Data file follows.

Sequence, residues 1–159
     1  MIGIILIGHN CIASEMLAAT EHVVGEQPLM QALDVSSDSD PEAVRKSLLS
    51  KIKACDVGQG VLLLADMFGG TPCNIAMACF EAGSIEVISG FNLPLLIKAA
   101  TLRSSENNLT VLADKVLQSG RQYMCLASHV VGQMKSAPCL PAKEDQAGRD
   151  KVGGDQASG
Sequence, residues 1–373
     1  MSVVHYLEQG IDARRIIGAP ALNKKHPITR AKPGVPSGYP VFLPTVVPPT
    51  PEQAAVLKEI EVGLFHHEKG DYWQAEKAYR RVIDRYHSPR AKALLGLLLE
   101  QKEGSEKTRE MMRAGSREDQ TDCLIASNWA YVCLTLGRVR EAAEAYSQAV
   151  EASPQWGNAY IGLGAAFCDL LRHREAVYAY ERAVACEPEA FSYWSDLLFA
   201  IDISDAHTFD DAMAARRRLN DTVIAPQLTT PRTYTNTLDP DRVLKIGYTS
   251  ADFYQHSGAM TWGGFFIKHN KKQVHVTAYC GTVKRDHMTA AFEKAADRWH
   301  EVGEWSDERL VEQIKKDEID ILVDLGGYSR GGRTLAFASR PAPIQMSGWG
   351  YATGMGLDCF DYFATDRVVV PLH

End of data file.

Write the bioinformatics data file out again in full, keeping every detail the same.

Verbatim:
Sequence, residues 1–159
     1  MIGIILIGHN CIASEMLAAT EHVVGEQPLM QALDVSSDSD PEAVRKSLLS
    51  KIKACDVGQG VLLLADMFGG TPCNIAMACF EAGSIEVISG FNLPLLIKAA
   101  TLRSSENNLT VLADKVLQSG RQYMCLASHV VGQMKSAPCL PAKEDQAGRD
   151  KVGGDQASG
Sequence, residues 1–373
     1  MSVVHYLEQG IDARRIIGAP ALNKKHPITR AKPGVPSGYP VFLPTVVPPT
    51  PEQAAVLKEI EVGLFHHEKG DYWQAEKAYR RVIDRYHSPR AKALLGLLLE
   101  QKEGSEKTRE MMRAGSREDQ TDCLIASNWA YVCLTLGRVR EAAEAYSQAV
   151  EASPQWGNAY IGLGAAFCDL LRHREAVYAY ERAVACEPEA FSYWSDLLFA
   201  IDISDAHTFD DAMAARRRLN DTVIAPQLTT PRTYTNTLDP DRVLKIGYTS
   251  ADFYQHSGAM TWGGFFIKHN KKQVHVTAYC GTVKRDHMTA AFEKAADRWH
   301  EVGEWSDERL VEQIKKDEID ILVDLGGYSR GGRTLAFASR PAPIQMSGWG
   351  YATGMGLDCF DYFATDRVVV PLH